Once all the paperwork and waiting was over that morning, nothing could quite prepare me for the trauma of being spread-eagled on a hospital bed in an icy cold operating room with my bits and bobs on display. I was so not expecting like 8 people in that room. One of the male nurses looked like somebody I’d met before. Also the anaesthetist was a total hottie and I might have blushed had I been in a less mortifying situation.

I was given a spinal block and warned that I might feel tugging, but not pain. I remember the insertion of the catheter being bloody eina. I kept asking my husband, “have they cut yet?” and he kept saying no, while making endless small talk to the extent that I wanted to slap him. I was shivering uncontrollably by then thanks to the effects of the spinal block and talking to him through chattering, gritted teeth. Lots of tugging. Doctors chatting among themselves while busying themselves with my nether regions. East Coast Radio playing on a radio somewhere. Not quite the labour ward tracklist I’d asked husband to put together on the iPod for the hours of labour I’d thought would occur.

“Have they cut yet?” “No”. “Have they cut yet?” “No”. And yet suddenly there is a mucky alien being held above me, and husband exclaims “Oh babe, he looks like Lee” (my brother) and then “Oooh, and he’s well-hung like his daddy” (yes, he went there. In a room full of strangers).

I’m like “What? He’s here already?” Before husband could answer, the docs wrapped the wailing lump up like a mummy, placed him on my chest, grabbed our camera, took a pic of us, let us lap him up for all of 20 seconds and then instructed husband to follow them.

Ten minutes. Nearly 40 weeks of carrying him and yet he’s cut out of me in 10 minutes. Anti-climax deluxe. I’m then left alone with the docs while they sew me up (still shivering like a meth addict), while husband is off God knows where and I’m wondering what the heck just happened and where is my baby?

No straight-to-the-breast-to-nurse. No angels singing as I look at the brand new life I’ve just brought forth. Just, nothing. Nothing but uncontrollable quivering and wondering.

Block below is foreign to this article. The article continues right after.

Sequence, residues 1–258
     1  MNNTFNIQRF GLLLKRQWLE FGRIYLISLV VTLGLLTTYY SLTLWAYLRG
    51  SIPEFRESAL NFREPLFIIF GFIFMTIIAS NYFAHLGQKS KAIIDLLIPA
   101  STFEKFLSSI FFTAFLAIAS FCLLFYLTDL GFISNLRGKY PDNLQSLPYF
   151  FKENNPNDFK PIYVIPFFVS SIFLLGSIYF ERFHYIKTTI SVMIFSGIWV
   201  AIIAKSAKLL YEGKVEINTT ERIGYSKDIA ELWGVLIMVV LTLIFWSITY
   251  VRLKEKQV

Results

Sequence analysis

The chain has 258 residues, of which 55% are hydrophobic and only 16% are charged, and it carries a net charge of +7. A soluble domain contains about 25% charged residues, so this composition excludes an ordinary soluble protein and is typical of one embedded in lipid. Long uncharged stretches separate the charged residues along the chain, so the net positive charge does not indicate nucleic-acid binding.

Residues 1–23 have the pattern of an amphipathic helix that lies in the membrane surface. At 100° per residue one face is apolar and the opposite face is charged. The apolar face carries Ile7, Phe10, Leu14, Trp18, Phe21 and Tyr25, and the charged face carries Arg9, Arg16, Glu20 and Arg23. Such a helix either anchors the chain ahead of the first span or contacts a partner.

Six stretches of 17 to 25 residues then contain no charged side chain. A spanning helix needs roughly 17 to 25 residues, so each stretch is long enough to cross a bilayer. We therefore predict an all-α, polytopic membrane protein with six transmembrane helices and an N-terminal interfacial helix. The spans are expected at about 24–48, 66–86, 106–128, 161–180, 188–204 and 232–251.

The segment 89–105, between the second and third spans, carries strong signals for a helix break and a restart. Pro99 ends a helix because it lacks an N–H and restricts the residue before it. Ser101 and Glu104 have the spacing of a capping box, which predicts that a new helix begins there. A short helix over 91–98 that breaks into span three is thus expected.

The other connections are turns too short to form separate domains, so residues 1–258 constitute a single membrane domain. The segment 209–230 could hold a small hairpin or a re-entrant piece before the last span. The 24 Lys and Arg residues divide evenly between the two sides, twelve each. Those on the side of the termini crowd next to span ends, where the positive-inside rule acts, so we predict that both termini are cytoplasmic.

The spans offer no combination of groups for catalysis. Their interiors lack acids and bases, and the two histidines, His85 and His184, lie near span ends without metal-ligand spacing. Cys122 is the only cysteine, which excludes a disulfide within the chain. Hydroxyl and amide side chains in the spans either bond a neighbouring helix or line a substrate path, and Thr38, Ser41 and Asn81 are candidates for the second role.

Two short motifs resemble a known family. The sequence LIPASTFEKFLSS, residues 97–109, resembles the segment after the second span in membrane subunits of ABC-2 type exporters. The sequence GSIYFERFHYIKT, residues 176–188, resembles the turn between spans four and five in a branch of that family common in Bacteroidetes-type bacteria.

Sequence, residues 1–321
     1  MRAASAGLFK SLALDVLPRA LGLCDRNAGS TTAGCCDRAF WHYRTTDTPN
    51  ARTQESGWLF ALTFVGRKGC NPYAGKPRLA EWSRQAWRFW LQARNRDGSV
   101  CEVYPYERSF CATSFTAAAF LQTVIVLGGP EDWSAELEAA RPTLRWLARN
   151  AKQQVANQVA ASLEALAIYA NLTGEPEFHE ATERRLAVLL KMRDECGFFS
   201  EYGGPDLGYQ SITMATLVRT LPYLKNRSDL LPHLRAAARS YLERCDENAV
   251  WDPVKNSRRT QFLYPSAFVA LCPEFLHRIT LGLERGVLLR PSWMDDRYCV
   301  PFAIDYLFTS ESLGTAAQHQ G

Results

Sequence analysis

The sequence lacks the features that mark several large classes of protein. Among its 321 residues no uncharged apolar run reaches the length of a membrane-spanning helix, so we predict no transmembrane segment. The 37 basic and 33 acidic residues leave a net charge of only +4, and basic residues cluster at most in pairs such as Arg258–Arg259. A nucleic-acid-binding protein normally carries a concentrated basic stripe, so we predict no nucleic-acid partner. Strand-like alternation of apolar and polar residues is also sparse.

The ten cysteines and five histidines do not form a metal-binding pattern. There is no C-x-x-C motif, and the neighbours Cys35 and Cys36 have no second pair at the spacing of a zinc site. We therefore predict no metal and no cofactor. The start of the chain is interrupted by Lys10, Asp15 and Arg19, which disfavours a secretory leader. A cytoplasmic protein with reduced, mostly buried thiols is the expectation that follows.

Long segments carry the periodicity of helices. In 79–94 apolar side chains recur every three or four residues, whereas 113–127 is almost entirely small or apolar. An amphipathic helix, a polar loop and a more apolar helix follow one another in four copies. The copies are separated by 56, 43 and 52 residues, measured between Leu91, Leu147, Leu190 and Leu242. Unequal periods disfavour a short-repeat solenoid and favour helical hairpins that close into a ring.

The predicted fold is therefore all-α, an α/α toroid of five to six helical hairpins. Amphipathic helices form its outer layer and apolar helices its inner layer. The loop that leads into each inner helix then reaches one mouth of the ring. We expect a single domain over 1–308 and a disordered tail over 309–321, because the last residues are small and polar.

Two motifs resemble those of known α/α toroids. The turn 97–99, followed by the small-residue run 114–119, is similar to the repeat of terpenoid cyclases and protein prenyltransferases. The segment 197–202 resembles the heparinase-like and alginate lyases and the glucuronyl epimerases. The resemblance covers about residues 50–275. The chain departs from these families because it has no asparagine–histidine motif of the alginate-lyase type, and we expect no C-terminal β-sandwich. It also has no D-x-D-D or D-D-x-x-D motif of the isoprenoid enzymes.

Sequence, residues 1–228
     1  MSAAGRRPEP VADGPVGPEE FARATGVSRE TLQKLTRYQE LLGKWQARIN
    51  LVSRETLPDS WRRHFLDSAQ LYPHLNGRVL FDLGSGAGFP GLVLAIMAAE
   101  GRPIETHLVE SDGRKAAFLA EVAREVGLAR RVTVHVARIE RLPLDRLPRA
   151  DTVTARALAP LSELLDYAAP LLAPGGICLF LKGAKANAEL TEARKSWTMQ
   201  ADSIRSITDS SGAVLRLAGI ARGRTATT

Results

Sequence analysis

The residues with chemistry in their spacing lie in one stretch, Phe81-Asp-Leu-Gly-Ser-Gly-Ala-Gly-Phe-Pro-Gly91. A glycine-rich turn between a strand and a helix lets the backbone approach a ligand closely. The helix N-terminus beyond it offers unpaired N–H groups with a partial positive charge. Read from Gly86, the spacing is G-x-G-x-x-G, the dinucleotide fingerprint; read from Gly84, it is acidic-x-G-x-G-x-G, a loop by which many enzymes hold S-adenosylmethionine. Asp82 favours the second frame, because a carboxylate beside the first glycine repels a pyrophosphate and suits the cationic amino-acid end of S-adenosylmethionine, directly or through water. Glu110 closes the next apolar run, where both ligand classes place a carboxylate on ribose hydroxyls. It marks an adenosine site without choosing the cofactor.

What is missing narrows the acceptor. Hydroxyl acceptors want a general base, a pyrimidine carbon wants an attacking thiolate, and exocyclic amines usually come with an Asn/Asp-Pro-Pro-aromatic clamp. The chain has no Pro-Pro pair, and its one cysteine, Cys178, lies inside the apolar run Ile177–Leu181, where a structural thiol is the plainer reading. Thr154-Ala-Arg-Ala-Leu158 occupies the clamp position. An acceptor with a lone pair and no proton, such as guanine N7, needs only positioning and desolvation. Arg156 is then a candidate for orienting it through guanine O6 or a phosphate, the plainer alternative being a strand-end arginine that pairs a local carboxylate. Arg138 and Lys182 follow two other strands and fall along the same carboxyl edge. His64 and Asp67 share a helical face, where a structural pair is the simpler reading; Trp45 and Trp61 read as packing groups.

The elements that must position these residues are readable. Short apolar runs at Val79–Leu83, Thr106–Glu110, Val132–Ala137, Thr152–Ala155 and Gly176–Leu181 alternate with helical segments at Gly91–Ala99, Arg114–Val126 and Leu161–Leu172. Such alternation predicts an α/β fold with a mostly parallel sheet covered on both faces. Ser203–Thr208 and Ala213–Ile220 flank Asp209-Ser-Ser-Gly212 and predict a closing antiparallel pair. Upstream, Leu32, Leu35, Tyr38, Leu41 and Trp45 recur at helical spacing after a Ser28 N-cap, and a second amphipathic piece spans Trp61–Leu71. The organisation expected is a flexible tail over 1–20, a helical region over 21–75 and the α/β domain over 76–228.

I’m then taken to a recovery room where I torment myself further by watching the clock and growing more anxious about the fact that I wasn’t with my baby and all the blogs and websites said that first hour is crucial for bonding and nursing and all that stuff. Then I’m wheeled up to my ward where husband joins me and is like an excited puppy because he got to see all the cool stuff like baby being weighed and given his first bath. And he got to hold him and be with him in the nursery. *resist urge to punch baby daddy*


Little Ryder Luke Meth was eventually brought to me two hours after delivery. He was beautiful (although I look at those pics now and see otherwise since the haze of new-mum hormones has worn off). I put him to my breast and he sucked awkwardly for a few minutes, cried a bit and then fell asleep.

It took about 4 hours for the spinal block to wear off and the minute I could feel my legs I pushed myself into getting up and walking around, because I’d been told this was a sure-fire way of getting a quick start on recovery. 

Ryder was 2.97 kgs at birth and had a perfect APGAR score. 

He was by far the loudest in the nursery. A perfect angel during the day but at night he would scream blue murder. I kept him close to me and wouldn’t let him out of my sight unless the nurses needed to do stuff with him or with me. He slept in my hospital bed or in his crib alongside my bed at night, not in the nursery. I walked the hospital corridors with him, fighting through any traces of pain. And pain there was indeed on Day 2! I didn’t realise I needed to ask the nurses for pain meds, because they’d given it without my prompting on Day 1. This meant I went for most of Day 2 without taking anything, until there I was at about 2pm that day, doubled over in agony alongside my bed, frantically pressing the call button because it felt like a hot knife was being sliced into my belly repeatedly. Let me just say those pain suppositories they give you are amazeballs. I learnt to live on those for a few days.